This mysterious air was underscored in the darkened, underground room at U Street Music Hall. The band played shrouded in smoke and back-lit by bright white lights, allowing those in attendance to see Cook and Karsdash in silhouette, and Braley not at all. No matter, as songs like the ferocious “Wanna Don’t Wanna” and Gary Clark Jr-ish “Black and Red” were loud and energetic as the blazing fires of Hell. During those moments when Cook emerged from the smoke and could be seen, he revealed a look that calls to mind 1970s Bruce Springsteen or even a black leather-clad Cat Stevens, while the band’s sound could be compared to Jack White, the aforementioned Gary Clark Jr, or the barely contained insanity of Black Pistol Fire.

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TVD Live Shots:
The DC Record Fair at
the Eaton DC, 6/30

PHOTOS: RICHIE DOWNS | After a decade in regular rotation, the enthusiasm for the DC Record Fair appears to not be waning one bit as its Summer 2019 edition exhibited. At a brand new location, the Eaton Workshop in downtown Washington, DC, a line formed early on Sunday on June 30 and kept apace all day long. Perhaps it was the free entry? Who knows.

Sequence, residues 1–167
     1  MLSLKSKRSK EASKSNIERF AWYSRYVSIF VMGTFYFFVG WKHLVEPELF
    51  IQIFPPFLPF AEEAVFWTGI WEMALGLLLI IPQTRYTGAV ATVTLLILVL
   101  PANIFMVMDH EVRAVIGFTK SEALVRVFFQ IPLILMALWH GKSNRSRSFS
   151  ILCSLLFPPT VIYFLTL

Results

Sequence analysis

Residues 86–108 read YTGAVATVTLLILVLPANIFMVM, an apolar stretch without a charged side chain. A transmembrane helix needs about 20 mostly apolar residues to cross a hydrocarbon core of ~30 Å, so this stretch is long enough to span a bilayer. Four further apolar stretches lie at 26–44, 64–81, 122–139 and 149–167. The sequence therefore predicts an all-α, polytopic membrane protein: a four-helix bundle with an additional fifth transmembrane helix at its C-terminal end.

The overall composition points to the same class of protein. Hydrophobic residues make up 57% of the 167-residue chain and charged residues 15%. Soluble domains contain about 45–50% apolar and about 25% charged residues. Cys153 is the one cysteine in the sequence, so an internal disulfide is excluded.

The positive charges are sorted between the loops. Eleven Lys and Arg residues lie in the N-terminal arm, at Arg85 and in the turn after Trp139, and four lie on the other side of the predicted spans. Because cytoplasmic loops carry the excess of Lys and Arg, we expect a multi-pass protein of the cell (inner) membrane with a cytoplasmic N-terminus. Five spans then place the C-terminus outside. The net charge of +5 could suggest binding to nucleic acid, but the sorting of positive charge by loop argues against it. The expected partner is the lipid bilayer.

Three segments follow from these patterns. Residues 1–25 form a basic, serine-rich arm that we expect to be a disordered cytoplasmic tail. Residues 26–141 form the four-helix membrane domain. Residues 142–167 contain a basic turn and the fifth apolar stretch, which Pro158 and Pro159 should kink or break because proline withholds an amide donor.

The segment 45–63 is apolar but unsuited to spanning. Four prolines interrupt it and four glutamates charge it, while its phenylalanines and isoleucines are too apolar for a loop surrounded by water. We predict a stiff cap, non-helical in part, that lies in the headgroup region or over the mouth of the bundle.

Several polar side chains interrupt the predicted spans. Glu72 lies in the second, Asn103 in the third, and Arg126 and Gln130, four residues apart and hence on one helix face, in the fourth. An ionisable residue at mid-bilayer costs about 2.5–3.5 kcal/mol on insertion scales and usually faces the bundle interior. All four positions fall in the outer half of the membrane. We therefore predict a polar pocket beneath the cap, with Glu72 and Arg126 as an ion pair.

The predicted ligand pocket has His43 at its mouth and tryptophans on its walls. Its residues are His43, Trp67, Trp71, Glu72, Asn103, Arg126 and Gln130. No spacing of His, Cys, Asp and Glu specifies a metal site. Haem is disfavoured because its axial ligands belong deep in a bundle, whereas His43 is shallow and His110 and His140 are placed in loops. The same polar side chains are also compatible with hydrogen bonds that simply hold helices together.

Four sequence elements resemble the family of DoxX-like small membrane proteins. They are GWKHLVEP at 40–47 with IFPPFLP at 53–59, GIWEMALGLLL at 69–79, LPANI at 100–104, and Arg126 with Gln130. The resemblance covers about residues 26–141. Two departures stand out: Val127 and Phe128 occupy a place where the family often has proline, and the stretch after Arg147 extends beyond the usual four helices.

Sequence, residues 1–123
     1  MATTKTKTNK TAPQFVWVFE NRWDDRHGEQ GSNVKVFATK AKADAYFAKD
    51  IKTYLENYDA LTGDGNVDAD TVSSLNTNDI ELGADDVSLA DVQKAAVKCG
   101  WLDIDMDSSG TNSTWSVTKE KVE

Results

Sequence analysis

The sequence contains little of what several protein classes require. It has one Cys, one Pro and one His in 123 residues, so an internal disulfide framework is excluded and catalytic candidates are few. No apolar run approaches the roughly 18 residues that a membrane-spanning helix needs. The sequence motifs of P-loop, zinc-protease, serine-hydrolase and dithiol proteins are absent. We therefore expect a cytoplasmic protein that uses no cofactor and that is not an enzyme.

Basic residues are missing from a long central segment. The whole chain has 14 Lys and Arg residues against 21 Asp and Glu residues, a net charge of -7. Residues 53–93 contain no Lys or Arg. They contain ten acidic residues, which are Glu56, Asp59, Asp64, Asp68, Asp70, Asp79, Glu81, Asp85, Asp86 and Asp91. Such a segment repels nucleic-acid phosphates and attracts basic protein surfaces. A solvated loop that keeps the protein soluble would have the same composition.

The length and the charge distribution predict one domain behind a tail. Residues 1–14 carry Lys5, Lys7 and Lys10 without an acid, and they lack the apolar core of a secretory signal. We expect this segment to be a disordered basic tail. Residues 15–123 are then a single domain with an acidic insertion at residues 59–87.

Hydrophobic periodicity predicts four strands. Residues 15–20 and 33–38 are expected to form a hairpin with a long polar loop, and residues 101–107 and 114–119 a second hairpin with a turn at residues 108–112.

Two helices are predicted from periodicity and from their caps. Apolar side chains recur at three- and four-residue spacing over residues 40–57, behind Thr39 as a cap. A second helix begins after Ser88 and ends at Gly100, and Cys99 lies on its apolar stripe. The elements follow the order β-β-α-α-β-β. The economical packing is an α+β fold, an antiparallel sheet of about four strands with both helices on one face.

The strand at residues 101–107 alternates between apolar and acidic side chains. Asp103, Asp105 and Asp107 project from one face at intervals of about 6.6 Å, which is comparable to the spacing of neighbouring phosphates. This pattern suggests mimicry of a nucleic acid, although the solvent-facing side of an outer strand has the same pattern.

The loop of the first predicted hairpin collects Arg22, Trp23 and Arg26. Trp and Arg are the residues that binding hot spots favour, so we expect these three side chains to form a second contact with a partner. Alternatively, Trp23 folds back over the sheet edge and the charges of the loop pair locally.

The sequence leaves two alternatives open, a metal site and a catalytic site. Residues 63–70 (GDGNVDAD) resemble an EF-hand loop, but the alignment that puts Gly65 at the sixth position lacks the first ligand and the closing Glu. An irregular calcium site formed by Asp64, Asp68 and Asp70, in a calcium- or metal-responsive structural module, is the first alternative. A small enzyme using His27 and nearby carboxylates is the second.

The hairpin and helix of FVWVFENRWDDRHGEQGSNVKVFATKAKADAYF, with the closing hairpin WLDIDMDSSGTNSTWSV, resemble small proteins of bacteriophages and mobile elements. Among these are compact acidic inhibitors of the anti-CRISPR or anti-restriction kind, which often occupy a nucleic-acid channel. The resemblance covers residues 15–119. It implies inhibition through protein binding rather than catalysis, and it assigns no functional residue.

What we do know is that TVD’s ace photographer Richie Downs spent some time documenting the fair for us before we went on our annual summer (sanity) break. Click through for his coverage.

And watch this space for an announcement of perhaps a Autumn event as there’s plenty spinning around the fair at the moment.

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The DC Record Fair Summer 2019 Edition comes to the Eaton
DC, 6/30

Back in its 10th year is Washington, DC’s twice yearly record rummage, The DC Record Fair which comes to Washington’s vinyl and community centric Eaton Hotel on Sunday, June 30, 2019.